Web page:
Wednesday, October 16, 2013

movie review: Food Matters

As a geek that loves documentaries, I recently added a bunch of food/environment/science related films to my Netflix/Amazon Prime queues (one of my favorite benefits of streaming vs. cable!). After reading a lot about it on Twitter, I started with Food Matters.

This film focuses around the basic idea that you are what you eat. Garbage in, garbage out – that kind of thing. From the outset, I felt like the filmography was relatively rough – almost manic, with distracting backgrounds and too many vintage clips of instructional films from the 1950s and 1960s.

However, I agreed wholeheartedly with the premise – that this country suffers from an epidemic of chronic malnutrition (as opposed to acute malnutrition or starvation). Far too often in my own experience, I’ve gone to the doctor with an issue and was just given pills and pushed out the door. When I had constant headaches in grad school, the first doctor I saw just wanted to give me pills, even when he knew I was crazy-addicted to caffeine.

The film makes the claim that modern medicine too often treats symptoms and not the underlying disease or condition. Much of what currently ails us as a population can be attributed to our lifestyle – poor diet, lack of exercise and stress. Makes sense. It’s made sense in my own life. I agree with the film’s assertion that the human body has an astonishing capacity to heal itself from many ailments, if given the chance.

Food Matters does a good job of reminding consumers that just like Big Agriculture, Big Pharmaceutical is a half a trillion dollar industry. There is a lot of money involved in treating illness with medicine in this country. Every time you take a blood pressure pill or a blood sugar pill, you are putting money in the hands of drug companies that have a vested interest in you never actually getting off their medication. They make no money from wellness. For the vast majority of the population, it’s affordable and safe to change your diet and start exercising. So why would you want to just stay on the pills when they won’t prolong your life or more importantly, improve your quality of life?

As is the case in Big Agriculture, supporting research for drugs is often sponsored and paid for by the drug companies themselves. Drug companies don’t want to pay for research that suggests that a plant-based diet and an abundance of vitamins and minerals can lead to health. The film also talked about high dosage vitamin therapies that have been studied for years as treatment for various chronic illnesses, including serious illnesses like cancer.

While much of what the film discusses makes perfect sense – that nutrition should be our primary prevention strategy against disease, etc. - it also veers off into more alternative therapies that left me interested, but highly skeptical. For instance, there’s a lot of information on colonic therapies that “cleanse” the body of toxins. As I explained in my post about why I don’t do juice cleanses or lemon juice/maple syrup/vinegar cleanses, a healthy colon doesn’t need help cleansing your body. Don’t put toxins in your body and you won’t have to force them out uncomfortably by drinking 2 liters of water after you get out of bed and having nothing but high fiber juice for days.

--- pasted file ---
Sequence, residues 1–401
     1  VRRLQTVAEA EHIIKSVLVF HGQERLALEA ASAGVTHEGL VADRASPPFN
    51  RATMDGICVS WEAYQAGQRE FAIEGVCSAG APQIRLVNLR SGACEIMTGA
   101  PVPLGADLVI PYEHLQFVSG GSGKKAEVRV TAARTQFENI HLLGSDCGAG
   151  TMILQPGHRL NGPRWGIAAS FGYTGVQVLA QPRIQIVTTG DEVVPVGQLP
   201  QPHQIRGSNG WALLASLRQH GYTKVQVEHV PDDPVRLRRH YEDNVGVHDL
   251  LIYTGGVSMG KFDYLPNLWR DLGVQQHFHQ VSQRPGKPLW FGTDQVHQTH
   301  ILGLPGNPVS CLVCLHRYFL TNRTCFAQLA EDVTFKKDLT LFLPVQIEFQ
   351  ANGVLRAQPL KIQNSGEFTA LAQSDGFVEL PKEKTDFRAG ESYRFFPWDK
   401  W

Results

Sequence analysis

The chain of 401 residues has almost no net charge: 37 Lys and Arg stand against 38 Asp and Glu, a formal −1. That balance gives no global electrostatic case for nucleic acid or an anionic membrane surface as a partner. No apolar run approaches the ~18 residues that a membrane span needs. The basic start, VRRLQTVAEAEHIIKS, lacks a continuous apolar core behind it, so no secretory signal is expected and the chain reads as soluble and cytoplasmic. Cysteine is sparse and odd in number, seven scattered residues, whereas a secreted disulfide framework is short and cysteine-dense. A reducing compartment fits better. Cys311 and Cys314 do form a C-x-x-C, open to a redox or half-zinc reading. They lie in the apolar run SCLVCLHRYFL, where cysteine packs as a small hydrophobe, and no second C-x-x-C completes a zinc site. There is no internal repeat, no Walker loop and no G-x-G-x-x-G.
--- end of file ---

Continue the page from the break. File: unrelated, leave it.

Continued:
The film highlights the Gerson Institute, which champions a holistic therapy for cancer and chronic, degenerative diseases. The therapy, according to their website, includes activating “the body’s extraordinary ability to heal itself through an organic, vegetarian diet, raw juices, coffee enemas and natural supplements.” They claim a great success rate and honestly, I’m not doubting them. Anyone who has ever seen someone suffer from cancer knows that chemotherapy is awful in every possible sense. And anyone who wants to treat their cancer with vitamins and enemas should absolutely have the right to do so. (It’s ridiculous that all of the Gerson clinics have to be out of the country even though they are staffed by MDs that go to the same med schools that other doctors in the U.S. attend.)

But I’m still skeptical that raw juices and enemas are cure-alls. Sometimes disease happens, regardless of the health of your lifestyle. For instance, eating raw foods isn’t going to make my lungs stop being asthmatic. I have a decrease in asthma symptoms because of my increased lung health due to cardiovascular exercise, but I don’t stop having the disease. I also don’t want to go back to my life before being on thyroid replacement hormone – even though my lifestyle has also contributed to a reduction in symptoms.

Overall the film had interesting food for thought, if you’ll pardon the pun. And it serves as a great reminder that the diseases plaguing the west – particularly heart disease and diabetes – can be not only prevented but REVERSED by true lifestyle modifications. I would not put it in the same class of documentaries as Food, Inc. or A Place at the Table, but it wasn’t a waste of an hour.

No comments:

Post a Comment